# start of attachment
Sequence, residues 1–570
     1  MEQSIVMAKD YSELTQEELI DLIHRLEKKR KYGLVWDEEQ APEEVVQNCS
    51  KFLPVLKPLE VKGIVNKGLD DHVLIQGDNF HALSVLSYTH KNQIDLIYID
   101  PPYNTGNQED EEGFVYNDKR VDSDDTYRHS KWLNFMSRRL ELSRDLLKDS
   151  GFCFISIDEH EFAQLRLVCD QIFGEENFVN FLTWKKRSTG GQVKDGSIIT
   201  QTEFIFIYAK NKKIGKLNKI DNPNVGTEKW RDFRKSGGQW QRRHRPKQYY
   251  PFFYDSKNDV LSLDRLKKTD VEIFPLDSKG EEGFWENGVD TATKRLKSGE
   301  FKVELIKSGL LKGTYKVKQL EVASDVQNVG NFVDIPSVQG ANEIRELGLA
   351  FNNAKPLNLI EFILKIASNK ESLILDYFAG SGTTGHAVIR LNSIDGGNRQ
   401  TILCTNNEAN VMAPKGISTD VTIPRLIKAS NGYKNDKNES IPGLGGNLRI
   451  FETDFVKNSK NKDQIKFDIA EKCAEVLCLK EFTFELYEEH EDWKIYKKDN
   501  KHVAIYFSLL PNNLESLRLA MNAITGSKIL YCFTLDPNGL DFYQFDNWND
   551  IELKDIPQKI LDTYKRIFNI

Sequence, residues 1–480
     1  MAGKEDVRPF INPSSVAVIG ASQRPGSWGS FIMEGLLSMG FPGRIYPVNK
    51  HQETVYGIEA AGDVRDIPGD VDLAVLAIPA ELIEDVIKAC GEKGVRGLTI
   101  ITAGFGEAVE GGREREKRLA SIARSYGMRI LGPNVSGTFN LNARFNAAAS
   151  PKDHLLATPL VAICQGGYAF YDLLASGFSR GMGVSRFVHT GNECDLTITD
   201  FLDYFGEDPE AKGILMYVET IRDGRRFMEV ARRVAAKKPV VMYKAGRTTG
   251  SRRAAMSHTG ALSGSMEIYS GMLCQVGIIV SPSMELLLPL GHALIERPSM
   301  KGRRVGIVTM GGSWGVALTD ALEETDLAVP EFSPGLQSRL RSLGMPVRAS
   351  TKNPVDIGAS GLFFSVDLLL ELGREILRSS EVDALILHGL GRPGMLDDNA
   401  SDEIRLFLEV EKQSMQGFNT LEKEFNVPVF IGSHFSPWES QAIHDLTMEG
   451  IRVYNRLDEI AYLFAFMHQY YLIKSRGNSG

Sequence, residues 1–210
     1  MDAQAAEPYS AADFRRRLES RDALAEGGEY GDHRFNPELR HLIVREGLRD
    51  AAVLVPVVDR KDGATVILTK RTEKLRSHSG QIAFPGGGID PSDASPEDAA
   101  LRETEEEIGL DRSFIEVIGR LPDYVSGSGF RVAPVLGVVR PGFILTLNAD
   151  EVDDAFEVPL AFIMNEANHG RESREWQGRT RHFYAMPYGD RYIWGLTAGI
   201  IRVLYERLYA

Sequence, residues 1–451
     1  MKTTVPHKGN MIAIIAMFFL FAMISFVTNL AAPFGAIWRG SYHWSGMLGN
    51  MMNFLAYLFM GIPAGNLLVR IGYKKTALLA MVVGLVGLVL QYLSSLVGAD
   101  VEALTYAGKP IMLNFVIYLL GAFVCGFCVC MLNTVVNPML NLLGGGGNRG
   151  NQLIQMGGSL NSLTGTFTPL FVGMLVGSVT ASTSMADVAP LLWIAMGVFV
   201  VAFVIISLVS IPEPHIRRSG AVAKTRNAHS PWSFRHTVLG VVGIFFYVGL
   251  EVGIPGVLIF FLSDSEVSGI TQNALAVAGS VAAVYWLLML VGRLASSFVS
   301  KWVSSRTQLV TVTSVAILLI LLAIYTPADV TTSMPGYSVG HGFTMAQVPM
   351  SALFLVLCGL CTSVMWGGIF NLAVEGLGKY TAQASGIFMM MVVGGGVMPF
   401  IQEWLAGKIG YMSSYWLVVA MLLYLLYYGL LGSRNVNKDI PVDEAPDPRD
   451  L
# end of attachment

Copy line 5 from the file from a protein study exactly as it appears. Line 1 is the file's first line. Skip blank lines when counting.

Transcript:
   151  GFCFISIDEH EFAQLRLVCD QIFGEENFVN FLTWKKRSTG GQVKDGSIIT